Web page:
- Omicron has caused turbulence for Qantas (QAN) as the group cuts around a third of domestic and international flights for the third quarter of FY22
- The group will cut domestic travel to around 70 per cent of pre-COVID levels
- International travel will also fall from 30 per cent to 20 per cent of pre-COVID levels due to increased travel restrictions in certain countries
- CEO Alan Joyce says the rapidly rising cases of COVID-19 are having an “obvious impact on consumer behaviour across various sectors”
- Qantas was down 2.35 per cent at market close on Thursday, trading at $4.99 per share
Qantas (QAN) will cut around a third of domestic and international flights scheduled in the March quarter due to the new Omicron variant of COVID-19.
The group will cut domestic travel to around 70 per cent of pre-COVID levels, which is down compared with the 102 per cent level that had been planned.
International travel, over the same period, will fall from 30 per cent to 20 per cent of pre-COVID levels. This reduction is due to increased travel restrictions in countries like Japan, Thailand and Indonesia and is mostly impacting the leisure routes of its low cost airline, Jetstar.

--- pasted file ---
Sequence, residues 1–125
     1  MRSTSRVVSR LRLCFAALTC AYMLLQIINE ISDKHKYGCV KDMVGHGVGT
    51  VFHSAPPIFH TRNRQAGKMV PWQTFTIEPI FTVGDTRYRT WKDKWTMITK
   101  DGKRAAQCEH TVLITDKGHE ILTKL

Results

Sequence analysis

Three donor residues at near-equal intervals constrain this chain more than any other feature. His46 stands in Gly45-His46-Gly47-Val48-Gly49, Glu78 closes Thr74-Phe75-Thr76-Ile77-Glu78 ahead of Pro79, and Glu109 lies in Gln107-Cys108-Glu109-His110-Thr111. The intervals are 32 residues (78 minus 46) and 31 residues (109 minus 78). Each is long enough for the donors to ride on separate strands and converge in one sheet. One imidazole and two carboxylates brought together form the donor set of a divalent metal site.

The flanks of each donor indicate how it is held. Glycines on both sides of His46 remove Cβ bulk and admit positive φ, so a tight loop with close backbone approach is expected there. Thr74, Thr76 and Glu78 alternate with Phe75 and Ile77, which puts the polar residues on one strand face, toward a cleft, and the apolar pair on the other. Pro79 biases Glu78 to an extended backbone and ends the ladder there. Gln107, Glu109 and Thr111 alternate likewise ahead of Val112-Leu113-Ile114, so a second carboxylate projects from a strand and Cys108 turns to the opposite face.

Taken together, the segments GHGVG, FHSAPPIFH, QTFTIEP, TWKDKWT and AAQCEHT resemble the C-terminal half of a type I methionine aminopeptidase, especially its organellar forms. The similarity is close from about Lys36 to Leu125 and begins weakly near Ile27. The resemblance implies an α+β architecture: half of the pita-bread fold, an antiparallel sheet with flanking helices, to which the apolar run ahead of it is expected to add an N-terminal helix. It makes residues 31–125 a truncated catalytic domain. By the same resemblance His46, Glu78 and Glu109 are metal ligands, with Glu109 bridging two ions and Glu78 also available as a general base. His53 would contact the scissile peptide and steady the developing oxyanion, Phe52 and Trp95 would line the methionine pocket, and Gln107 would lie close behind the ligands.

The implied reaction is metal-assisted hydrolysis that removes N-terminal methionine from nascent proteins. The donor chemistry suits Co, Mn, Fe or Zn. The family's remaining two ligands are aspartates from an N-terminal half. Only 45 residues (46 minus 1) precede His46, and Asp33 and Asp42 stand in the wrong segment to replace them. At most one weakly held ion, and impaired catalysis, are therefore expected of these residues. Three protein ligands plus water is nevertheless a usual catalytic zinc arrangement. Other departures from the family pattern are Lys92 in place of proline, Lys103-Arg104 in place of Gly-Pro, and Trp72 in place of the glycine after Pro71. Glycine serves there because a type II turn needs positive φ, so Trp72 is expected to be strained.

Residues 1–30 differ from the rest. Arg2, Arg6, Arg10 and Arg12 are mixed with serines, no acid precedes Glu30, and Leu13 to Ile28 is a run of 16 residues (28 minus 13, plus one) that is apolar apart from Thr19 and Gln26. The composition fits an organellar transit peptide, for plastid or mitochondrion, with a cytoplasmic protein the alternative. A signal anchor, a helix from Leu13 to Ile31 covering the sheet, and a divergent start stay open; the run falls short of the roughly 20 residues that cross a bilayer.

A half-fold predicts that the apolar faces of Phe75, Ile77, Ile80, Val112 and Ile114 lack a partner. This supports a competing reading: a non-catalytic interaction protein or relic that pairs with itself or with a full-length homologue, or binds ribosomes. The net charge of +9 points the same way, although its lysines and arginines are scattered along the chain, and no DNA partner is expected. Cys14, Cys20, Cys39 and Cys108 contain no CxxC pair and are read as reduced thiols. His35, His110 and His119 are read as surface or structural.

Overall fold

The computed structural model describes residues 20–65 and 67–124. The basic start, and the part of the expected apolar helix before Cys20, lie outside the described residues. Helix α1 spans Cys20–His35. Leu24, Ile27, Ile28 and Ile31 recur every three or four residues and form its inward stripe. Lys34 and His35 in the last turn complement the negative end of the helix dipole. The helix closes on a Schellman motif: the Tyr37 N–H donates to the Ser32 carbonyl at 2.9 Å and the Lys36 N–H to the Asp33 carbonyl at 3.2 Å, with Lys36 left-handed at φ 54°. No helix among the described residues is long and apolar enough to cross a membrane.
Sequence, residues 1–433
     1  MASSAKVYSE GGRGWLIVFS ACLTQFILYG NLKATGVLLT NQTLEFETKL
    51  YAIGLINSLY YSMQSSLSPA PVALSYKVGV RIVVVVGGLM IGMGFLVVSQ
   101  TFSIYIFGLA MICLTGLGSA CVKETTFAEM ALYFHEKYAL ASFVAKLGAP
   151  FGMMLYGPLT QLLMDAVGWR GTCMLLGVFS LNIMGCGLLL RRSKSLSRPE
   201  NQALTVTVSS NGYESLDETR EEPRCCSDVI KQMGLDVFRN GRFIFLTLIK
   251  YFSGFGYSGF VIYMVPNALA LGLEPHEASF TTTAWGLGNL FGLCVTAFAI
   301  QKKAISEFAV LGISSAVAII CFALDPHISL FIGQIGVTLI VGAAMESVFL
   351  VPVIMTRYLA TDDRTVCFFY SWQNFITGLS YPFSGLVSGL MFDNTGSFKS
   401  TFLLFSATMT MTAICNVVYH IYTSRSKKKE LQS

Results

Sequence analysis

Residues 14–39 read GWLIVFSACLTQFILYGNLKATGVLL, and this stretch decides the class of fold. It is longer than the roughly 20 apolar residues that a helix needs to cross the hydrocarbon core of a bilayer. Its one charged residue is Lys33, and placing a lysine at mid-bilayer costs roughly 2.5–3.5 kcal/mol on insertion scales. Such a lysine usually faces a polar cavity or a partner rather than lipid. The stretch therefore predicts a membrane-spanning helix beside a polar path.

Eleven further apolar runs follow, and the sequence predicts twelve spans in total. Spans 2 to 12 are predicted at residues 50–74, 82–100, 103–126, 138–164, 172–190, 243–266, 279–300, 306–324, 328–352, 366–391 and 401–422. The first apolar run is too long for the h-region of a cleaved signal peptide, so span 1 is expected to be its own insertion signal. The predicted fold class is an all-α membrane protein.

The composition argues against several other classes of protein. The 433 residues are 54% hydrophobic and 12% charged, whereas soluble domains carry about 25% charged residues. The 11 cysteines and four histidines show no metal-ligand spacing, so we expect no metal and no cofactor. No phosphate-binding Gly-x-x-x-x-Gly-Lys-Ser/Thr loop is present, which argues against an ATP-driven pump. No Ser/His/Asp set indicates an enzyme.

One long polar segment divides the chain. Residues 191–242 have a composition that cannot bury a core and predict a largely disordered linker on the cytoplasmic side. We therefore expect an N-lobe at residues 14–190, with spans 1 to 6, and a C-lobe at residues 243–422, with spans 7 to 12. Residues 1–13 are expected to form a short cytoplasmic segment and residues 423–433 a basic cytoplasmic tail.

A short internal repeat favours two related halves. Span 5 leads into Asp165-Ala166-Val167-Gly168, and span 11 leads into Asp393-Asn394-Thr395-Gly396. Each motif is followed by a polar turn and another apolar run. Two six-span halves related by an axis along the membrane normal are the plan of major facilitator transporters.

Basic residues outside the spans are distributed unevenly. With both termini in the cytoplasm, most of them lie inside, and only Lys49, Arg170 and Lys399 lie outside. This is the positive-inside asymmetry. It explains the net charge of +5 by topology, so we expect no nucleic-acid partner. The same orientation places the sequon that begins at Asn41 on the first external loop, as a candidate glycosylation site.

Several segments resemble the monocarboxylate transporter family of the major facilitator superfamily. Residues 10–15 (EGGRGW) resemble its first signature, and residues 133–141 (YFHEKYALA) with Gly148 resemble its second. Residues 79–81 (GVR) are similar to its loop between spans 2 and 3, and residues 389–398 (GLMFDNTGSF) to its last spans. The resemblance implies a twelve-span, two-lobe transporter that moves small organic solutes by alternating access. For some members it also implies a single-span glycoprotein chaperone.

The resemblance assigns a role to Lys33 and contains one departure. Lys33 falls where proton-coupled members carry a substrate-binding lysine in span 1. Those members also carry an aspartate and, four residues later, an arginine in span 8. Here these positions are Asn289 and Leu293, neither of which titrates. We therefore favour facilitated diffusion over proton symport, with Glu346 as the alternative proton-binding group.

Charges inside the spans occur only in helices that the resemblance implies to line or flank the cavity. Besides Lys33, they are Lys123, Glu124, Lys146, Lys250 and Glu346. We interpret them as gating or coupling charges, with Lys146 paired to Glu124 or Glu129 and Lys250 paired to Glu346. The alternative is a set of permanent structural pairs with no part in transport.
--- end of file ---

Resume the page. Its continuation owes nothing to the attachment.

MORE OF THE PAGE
CEO Alan Joyce said the rapidly rising cases of COVID-19 have had an “obvious impact on consumer behaviour across various sectors.”
“Thankfully, Australia has one of the world’s highest vaccination rates and the Omicron variant is milder than its predecessors. So, as challenging as this current phase is, we’re optimistic that it is likely to fast track a return to normal,” he said.
“People are already looking beyond what’s happening now with early bookings for the Easter holidays in April looking promising for both domestic and international.
“We have the flexibility to add capacity back if demand improves earlier than expected, but 70 per cent still represents a lot of domestic flying and its a quantum improvement on the levels we faced only a few months ago,” he concluded.
An assessment on the financial impact of the changes will be given in the group’s half-year results in late February.
By that time a clearer picture will have emerged on factors such as demand levels, loosening or tightening travel restrictions overseas, and the reopening of Western Australia.
No material adjustments have been made to capacity expectations for the fourth quarter of FY22.
At market close for the day, Qantas was down 2.35 per cent and to trade at $4.99 per share.